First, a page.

If you are struggling with loss of trust in your coalition, you CAN regain it over time. As much as it would be nice to just do one “big” thing to regain trust, the little things over time make the biggest difference. Since trust usually isn’t lost immediately (although I just had an experience where a partner blatantly said he was planning to use our stuff without giving credit…), regaining trust often takes time. One of the challenging aspects of regaining trust is that you have to be even more intentional than you did to initially earn the trust. Join me this week as I highlight three things you can do to regain trust in your coalition.
One of the most powerful ways to regain trust in any relationship is to demonstrate humility and sincerely apologize for the specific ways we have damaged trust and the relationship. Although this can be really challenging and takes incredible vulnerability (thank you, Brené Brown), relationships can be restored through a willingness to say “I’m sorry for…”
Do things differently
Once you have sincerely apologized, the next step is to demonstrate that you will do things differently. For instance, if you made a decision without communicating or consulting with someone who was impacted by that decision, next time, go directly to that person. Consider what you can do differently that will demonstrate your commitment to regaining trust. Be willing to ask the person you are regaining trust with how you could do things differently next time. These will often be the same things you do to build trust (showing genuine interest, clarifying expectations, keeping commitments).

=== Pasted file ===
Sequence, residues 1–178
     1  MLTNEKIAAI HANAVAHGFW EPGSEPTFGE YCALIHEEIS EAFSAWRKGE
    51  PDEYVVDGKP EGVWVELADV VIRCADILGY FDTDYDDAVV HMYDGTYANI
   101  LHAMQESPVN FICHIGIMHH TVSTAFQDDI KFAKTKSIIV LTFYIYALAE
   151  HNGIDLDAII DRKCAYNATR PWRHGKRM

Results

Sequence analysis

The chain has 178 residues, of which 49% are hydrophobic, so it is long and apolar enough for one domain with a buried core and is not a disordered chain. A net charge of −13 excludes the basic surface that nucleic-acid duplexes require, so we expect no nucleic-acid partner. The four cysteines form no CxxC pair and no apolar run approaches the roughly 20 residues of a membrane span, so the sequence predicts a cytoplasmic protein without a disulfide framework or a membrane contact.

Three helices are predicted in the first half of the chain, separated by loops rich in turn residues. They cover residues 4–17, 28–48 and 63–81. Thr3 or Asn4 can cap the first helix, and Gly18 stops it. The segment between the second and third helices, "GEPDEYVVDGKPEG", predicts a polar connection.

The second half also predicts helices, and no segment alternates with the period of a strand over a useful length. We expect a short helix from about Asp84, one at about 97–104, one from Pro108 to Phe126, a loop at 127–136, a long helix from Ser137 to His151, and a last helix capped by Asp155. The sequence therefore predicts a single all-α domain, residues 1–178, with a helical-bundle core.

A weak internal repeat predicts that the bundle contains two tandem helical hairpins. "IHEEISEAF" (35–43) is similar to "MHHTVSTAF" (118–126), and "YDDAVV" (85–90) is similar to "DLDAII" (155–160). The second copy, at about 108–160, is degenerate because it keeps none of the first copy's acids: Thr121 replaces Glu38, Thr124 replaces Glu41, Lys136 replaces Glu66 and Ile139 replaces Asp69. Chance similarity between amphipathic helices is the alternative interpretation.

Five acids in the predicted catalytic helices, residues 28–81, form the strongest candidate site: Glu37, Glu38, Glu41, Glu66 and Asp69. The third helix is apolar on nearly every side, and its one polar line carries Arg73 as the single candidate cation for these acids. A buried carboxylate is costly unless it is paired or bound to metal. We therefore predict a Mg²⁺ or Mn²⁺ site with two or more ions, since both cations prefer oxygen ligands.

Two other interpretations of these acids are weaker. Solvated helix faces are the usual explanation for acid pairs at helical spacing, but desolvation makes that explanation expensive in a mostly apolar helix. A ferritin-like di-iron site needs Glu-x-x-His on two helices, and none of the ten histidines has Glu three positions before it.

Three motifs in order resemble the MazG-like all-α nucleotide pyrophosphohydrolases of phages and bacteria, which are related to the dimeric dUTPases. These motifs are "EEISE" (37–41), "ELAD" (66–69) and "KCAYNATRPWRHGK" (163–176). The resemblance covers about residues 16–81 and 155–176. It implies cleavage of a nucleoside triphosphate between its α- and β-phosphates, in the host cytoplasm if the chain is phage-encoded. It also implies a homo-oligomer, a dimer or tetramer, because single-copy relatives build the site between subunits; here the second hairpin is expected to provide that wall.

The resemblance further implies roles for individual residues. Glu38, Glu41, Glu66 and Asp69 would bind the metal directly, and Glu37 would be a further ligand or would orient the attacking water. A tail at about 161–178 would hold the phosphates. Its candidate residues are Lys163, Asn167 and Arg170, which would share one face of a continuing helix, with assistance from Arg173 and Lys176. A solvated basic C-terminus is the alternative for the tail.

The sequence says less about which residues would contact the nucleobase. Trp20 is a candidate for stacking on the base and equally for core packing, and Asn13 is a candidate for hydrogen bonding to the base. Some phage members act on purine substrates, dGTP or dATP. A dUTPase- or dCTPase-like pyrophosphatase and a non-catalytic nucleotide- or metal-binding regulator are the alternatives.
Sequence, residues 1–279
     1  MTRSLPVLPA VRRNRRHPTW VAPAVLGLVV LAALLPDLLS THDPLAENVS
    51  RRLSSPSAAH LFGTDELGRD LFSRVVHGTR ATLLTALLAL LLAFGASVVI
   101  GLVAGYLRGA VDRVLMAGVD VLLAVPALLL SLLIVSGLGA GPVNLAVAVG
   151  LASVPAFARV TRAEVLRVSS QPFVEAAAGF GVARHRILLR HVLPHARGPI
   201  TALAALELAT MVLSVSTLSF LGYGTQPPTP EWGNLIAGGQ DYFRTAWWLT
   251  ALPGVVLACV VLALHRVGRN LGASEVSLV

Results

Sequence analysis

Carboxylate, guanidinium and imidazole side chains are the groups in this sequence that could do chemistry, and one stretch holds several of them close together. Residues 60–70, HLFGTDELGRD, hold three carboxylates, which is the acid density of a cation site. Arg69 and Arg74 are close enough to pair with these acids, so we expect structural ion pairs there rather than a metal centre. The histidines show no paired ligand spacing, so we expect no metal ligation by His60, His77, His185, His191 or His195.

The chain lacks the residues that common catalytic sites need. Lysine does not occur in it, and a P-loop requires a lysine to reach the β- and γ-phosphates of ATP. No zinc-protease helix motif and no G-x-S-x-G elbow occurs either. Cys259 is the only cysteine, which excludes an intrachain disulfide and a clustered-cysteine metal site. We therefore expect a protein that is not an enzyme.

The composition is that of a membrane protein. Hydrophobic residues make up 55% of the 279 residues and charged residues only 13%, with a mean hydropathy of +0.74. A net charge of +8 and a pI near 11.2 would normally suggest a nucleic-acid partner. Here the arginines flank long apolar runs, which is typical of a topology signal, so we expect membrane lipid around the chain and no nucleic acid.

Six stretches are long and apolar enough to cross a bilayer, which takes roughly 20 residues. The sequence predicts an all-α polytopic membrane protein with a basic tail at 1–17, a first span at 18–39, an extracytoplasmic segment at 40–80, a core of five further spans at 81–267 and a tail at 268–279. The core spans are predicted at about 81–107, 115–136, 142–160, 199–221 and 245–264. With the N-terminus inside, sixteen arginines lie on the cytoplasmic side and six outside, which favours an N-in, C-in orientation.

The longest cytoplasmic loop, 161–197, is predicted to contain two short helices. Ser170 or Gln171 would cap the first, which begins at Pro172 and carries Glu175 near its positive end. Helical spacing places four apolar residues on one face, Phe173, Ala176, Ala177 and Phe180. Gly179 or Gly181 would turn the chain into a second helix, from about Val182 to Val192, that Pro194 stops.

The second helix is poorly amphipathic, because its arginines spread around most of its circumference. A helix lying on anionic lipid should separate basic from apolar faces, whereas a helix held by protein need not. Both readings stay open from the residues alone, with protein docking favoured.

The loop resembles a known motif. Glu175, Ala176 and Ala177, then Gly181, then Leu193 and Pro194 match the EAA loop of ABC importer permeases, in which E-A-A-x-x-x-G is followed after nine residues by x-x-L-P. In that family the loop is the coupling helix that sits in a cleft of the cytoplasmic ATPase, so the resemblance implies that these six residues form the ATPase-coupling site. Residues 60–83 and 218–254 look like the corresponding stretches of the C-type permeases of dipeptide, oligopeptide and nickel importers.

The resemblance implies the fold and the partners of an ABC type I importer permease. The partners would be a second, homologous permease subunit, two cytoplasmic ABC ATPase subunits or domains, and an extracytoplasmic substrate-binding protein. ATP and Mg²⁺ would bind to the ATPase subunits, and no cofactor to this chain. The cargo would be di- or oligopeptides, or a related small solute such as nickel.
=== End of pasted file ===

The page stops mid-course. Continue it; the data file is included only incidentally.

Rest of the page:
After apologizing and doing things differently, we are ready for everything to be ok again! In some situations and relationships, this is possible. When we have already built a lot of trust in the relationship and there was a minor trust betrayal, regaining the trust may happen fairly quickly. However, in many situations, we have to keep demonstrating trust over time to regain the trust. We also need to pay attention to what is important to those with whom we would like to regain trust. If we are practicing trust-building behaviors that are not seen as trust-building behaviors, we will struggle with actually regaining the trust. Alternatively, when we really focus on understanding the other person, we can practice doing the things that are received as trust-building activities.
If you would like another tool to support you in this work of regaining trust, check out Brené Brown’s BRAVING Inventory. This can be used to both build trust and to regain trust. As a matter of fact, I am about to apply this to planning an upcoming meeting that has several passionate leaders who have varying levels of trust among one another.
So what about you? Which of these four areas need to be addressed in your coalition right now?